Hay, There’s a Problem: Jackman-Atkinson

Hay, There’s a Problem: Jackman-Atkinson

By Kate Jackman-Atkinson, Neepawa Banner & Press

Hay

NEEPAWA, Man. — It’s been a dry summer, after a winter that didn’t see a lot of snowfall and another dry summer last year. For livestock and forage producers, this prolonged dry spell has meant that hay crops are down, way down.

Across the western part of the province, where the drought has been most pronounced, hay crops are down as much as 3/4 in some places. I know producers whose hay fields yielded close to 1/10th of what they usually produce.

If you can find them, most large round bales are advertised for $85 to $100 a bale and anyone who hasn’t secured this winter’s hay could be in big trouble. Listings are sparse and the provincial government’s hay listing service has only 11 postings. There, prices are running as high as $0.08/lb, or $120 per 1,500 lb bale, for an alfalfa/brome mix. A hay survey released by Manitoba Agriculture this January found that in 2017, the cost of beef quality hay fluctuated between $0.038 and $0.041/lb.

This year, low per acre yields collided with a decade-long trend, which has seen fewer acres in hay production. According to Statistics Canada data, since 2000, a declining number of acres of hay have been both seeded and harvested. Last year saw a marked decrease in both areas, compared to the previous five years.

While the number of acres in hay production has been declining, overall production had remained relatively steady, thanks to higher productivity per acre. In 2017, the average was 1.9 metric tonnes per acre, compared to the previous five year average of 1.61 metric tonnes per acre. Driving around the country, lots of hay fields are being broken up, destined to grow higher value cereals and pulse crops. But this year, lower acres and unusually low production have created a perfect storm for the livestock industry. To make matters worse, the low levels of precipitation impacted pastures too, meaning producers will likely have to start feeding hay earlier than in previous years.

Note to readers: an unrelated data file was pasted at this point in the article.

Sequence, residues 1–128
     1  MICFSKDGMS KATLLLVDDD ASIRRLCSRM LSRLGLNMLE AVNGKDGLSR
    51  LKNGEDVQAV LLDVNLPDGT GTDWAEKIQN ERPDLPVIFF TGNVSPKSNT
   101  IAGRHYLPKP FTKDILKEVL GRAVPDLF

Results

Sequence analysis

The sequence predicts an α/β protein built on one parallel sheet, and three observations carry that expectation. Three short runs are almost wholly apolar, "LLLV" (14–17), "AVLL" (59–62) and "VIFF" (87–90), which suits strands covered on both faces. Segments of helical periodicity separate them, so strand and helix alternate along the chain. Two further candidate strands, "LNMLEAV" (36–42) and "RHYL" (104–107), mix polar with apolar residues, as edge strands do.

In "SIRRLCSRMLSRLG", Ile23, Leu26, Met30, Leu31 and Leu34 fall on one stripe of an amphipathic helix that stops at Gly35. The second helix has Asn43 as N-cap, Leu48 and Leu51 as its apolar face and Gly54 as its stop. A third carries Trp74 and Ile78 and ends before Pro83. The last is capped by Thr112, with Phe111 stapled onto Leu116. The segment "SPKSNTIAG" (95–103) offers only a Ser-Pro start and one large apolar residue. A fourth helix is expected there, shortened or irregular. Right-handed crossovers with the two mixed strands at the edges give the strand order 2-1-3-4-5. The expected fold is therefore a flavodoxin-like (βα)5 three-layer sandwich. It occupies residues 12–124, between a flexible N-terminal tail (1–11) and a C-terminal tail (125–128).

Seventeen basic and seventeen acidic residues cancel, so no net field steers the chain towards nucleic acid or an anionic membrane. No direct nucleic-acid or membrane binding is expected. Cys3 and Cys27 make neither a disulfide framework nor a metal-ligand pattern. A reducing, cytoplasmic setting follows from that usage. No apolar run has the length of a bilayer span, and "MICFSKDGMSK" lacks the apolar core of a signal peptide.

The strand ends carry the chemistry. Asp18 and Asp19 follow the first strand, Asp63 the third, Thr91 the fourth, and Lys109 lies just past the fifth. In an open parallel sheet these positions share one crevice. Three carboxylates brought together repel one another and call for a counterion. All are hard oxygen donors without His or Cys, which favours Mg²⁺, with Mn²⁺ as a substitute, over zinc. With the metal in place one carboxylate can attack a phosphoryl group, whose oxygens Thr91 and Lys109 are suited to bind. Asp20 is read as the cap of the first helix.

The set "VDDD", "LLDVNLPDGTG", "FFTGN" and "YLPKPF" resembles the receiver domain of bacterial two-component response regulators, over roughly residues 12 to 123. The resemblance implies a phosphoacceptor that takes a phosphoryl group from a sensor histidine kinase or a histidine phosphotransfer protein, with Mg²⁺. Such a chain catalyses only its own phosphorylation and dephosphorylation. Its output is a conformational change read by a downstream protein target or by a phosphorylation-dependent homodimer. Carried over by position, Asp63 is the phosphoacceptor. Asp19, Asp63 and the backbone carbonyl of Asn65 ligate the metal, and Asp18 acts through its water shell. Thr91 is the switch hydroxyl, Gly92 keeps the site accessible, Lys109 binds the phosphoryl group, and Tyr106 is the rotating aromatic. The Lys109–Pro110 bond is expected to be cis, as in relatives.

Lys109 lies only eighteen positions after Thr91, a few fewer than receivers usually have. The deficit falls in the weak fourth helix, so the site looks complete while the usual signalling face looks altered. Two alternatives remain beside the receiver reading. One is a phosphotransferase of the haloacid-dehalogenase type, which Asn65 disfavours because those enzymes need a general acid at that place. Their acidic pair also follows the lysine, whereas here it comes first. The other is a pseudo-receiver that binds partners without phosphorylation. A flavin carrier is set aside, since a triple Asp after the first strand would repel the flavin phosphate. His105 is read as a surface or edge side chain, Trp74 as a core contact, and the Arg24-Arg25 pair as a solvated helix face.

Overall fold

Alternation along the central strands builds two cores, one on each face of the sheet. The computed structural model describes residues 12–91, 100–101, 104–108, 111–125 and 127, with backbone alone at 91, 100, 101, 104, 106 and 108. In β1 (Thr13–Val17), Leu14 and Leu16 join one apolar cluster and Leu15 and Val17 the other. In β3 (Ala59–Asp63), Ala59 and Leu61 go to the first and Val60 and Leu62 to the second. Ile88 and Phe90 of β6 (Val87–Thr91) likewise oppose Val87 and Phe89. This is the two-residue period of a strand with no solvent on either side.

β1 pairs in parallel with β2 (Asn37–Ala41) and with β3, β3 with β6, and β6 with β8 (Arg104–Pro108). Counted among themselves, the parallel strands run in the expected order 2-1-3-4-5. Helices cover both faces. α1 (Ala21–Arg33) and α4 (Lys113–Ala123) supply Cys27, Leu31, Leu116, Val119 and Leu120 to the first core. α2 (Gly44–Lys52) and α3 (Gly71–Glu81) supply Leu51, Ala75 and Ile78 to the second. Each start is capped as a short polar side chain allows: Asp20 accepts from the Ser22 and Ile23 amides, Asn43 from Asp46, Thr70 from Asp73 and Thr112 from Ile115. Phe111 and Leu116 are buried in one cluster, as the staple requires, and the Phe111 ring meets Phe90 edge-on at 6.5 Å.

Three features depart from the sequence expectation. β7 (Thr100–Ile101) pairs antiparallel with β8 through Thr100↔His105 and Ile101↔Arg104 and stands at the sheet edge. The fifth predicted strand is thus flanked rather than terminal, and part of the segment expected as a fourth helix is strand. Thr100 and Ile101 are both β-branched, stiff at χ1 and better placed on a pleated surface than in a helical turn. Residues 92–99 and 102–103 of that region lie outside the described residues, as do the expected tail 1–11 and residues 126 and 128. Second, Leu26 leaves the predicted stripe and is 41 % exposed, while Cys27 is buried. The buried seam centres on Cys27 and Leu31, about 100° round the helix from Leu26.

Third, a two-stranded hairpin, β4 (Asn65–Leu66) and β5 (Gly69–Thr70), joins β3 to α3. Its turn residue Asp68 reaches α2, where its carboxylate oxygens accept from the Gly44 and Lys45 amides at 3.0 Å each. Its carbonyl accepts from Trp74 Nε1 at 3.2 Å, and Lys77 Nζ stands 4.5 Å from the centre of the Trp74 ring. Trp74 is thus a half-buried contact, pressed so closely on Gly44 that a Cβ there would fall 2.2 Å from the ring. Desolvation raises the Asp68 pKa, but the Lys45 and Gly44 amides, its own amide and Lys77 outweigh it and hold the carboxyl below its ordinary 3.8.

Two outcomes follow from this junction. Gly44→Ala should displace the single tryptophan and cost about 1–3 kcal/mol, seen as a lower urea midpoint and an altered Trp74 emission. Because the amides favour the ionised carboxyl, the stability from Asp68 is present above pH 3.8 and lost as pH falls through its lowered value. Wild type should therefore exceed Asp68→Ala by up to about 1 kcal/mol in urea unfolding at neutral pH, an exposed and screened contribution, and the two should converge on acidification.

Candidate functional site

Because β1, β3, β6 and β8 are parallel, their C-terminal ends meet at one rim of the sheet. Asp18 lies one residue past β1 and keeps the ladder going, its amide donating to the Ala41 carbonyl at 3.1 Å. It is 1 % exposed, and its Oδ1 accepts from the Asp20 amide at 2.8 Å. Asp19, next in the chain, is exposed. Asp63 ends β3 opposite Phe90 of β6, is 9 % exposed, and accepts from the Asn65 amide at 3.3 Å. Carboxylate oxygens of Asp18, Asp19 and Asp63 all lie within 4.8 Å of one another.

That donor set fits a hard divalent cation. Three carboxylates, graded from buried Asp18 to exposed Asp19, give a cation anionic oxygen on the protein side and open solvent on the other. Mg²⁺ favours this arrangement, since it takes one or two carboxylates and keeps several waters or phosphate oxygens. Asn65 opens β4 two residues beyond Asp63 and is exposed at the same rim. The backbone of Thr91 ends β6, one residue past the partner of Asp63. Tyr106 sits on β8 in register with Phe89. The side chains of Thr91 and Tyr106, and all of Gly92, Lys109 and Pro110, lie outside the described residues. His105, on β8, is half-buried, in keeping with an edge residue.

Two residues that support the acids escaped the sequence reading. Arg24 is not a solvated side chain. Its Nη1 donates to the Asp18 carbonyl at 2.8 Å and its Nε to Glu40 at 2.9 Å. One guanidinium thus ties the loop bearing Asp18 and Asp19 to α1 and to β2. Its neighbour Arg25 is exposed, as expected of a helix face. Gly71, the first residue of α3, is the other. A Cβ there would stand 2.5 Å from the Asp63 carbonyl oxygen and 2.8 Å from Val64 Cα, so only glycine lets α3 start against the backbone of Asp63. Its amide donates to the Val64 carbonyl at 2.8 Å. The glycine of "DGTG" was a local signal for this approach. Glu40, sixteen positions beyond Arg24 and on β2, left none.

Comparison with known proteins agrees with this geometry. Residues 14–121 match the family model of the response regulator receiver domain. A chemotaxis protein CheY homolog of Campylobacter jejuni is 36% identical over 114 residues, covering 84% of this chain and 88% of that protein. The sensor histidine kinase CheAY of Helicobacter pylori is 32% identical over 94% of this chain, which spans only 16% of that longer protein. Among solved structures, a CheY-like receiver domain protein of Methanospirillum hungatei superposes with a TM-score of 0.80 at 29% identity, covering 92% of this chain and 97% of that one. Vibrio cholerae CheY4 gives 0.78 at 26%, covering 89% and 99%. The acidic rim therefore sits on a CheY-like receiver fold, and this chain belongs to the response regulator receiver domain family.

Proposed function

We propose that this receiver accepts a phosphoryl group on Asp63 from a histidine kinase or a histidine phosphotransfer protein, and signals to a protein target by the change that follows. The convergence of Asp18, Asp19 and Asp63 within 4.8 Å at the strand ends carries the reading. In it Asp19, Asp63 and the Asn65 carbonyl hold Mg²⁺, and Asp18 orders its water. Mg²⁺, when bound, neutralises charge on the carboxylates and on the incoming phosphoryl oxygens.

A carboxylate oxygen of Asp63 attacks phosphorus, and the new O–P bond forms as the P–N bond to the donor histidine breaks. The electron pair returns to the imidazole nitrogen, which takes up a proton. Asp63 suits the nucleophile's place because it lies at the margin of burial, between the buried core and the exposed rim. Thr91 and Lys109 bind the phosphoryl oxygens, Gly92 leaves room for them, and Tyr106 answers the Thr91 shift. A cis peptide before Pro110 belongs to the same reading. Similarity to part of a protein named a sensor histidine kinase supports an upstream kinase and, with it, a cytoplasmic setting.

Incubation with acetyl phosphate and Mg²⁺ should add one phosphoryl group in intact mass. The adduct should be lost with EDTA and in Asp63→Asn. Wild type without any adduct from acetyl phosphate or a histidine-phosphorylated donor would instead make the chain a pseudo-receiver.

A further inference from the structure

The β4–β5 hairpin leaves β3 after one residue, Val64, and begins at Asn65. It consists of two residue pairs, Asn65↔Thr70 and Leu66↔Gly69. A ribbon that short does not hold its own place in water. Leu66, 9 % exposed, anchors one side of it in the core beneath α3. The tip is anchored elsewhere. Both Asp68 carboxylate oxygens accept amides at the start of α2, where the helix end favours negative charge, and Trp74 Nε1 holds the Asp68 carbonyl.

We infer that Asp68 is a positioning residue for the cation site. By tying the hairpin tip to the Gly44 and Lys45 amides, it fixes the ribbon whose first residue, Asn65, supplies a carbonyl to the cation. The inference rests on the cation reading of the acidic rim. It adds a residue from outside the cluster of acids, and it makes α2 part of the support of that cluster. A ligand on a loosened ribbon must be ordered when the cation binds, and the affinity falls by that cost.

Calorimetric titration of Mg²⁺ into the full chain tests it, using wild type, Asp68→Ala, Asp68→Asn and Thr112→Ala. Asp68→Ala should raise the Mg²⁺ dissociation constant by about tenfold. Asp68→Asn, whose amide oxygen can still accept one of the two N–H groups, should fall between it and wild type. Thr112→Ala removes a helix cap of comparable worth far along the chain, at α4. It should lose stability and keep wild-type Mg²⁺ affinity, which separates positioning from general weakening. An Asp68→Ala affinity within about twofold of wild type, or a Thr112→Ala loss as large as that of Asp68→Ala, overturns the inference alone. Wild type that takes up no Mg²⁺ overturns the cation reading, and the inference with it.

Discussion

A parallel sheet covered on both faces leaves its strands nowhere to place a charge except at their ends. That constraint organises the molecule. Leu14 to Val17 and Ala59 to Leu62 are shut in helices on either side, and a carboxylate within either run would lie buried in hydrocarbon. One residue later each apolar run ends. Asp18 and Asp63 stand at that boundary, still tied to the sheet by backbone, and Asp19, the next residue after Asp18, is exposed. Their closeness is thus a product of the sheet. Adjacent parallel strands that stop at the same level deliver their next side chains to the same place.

In 2016, provincial agriculture minister Ralph Eichler announced an ambitious goal of growing the province’s cattle herd to pre-BSE levels by 2026. At the time of the announcement, the provincial beef cattle herd was about 400,000 animals, the target would almost double it, to 750,000 animals. The province seems oblivious to the situation facing producers as they enter winter.

On July 27, the provincial government issued a press release announcing “Provincial services available for producers affected by dry conditions.” The release didn’t so much offer assistance as let producers know about things they should already have been doing. For example, the release reminded producers about tools and resources, including making use of alternate feeding strategies, such as straw, grain, green feed and other crops; using the Manitoba Hay Listing service; forage and pasture management; and livestock production.

Government programs, such as trucking assistance, have historically been common at times like this. If the government doesn’t want to provide assistance to the industry, that’s fine, but then they shouldn’t pretend that growing the cattle herd is a priority. Without assistance, producers will cull and they’ll cull hard. Those most impacted will be the very people the industry desperately needs, younger, less established producers, with a lower land base and not enough assets, including over-year hay, to get through these tight times with their herds intact. Those who don’t cull will be thinking seriously about the number of heifers they retain as replacements and the expected lower prices will cause many producers to question their long-term involvement in the industry.

A year like this will have a profound impact on the growth of the province’s cattle industry, pretending otherwise won’t change those facts.

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